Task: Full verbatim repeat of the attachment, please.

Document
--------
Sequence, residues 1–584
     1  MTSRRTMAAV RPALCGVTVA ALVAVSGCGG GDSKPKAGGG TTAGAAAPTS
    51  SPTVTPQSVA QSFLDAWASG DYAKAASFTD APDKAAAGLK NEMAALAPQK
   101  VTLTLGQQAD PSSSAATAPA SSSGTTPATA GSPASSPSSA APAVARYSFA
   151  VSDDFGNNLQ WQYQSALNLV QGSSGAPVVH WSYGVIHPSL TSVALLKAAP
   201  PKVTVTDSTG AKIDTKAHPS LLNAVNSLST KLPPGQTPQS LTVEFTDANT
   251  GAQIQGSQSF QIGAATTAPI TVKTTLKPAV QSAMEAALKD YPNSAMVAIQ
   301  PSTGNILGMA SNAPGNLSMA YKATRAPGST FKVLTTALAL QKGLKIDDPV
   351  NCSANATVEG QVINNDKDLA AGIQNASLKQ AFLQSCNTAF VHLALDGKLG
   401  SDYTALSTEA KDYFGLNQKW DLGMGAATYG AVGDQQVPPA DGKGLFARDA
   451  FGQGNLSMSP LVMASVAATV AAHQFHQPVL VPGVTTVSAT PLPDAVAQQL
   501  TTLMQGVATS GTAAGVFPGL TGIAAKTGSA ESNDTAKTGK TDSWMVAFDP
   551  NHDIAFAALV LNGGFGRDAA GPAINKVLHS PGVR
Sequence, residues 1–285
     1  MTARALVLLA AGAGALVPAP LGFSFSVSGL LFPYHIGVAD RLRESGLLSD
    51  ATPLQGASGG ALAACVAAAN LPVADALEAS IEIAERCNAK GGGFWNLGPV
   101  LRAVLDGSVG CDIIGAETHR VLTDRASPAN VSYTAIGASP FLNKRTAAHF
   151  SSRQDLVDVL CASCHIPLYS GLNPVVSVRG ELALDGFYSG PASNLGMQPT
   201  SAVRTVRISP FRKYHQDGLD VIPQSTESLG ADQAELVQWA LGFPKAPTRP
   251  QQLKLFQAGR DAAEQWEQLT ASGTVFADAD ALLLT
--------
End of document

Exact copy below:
Sequence, residues 1–584
     1  MTSRRTMAAV RPALCGVTVA ALVAVSGCGG GDSKPKAGGG TTAGAAAPTS
    51  SPTVTPQSVA QSFLDAWASG DYAKAASFTD APDKAAAGLK NEMAALAPQK
   101  VTLTLGQQAD PSSSAATAPA SSSGTTPATA GSPASSPSSA APAVARYSFA
   151  VSDDFGNNLQ WQYQSALNLV QGSSGAPVVH WSYGVIHPSL TSVALLKAAP
   201  PKVTVTDSTG AKIDTKAHPS LLNAVNSLST KLPPGQTPQS LTVEFTDANT
   251  GAQIQGSQSF QIGAATTAPI TVKTTLKPAV QSAMEAALKD YPNSAMVAIQ
   301  PSTGNILGMA SNAPGNLSMA YKATRAPGST FKVLTTALAL QKGLKIDDPV
   351  NCSANATVEG QVINNDKDLA AGIQNASLKQ AFLQSCNTAF VHLALDGKLG
   401  SDYTALSTEA KDYFGLNQKW DLGMGAATYG AVGDQQVPPA DGKGLFARDA
   451  FGQGNLSMSP LVMASVAATV AAHQFHQPVL VPGVTTVSAT PLPDAVAQQL
   501  TTLMQGVATS GTAAGVFPGL TGIAAKTGSA ESNDTAKTGK TDSWMVAFDP
   551  NHDIAFAALV LNGGFGRDAA GPAINKVLHS PGVR
Sequence, residues 1–285
     1  MTARALVLLA AGAGALVPAP LGFSFSVSGL LFPYHIGVAD RLRESGLLSD
    51  ATPLQGASGG ALAACVAAAN LPVADALEAS IEIAERCNAK GGGFWNLGPV
   101  LRAVLDGSVG CDIIGAETHR VLTDRASPAN VSYTAIGASP FLNKRTAAHF
   151  SSRQDLVDVL CASCHIPLYS GLNPVVSVRG ELALDGFYSG PASNLGMQPT
   201  SAVRTVRISP FRKYHQDGLD VIPQSTESLG ADQAELVQWA LGFPKAPTRP
   251  QQLKLFQAGR DAAEQWEQLT ASGTVFADAD ALLLT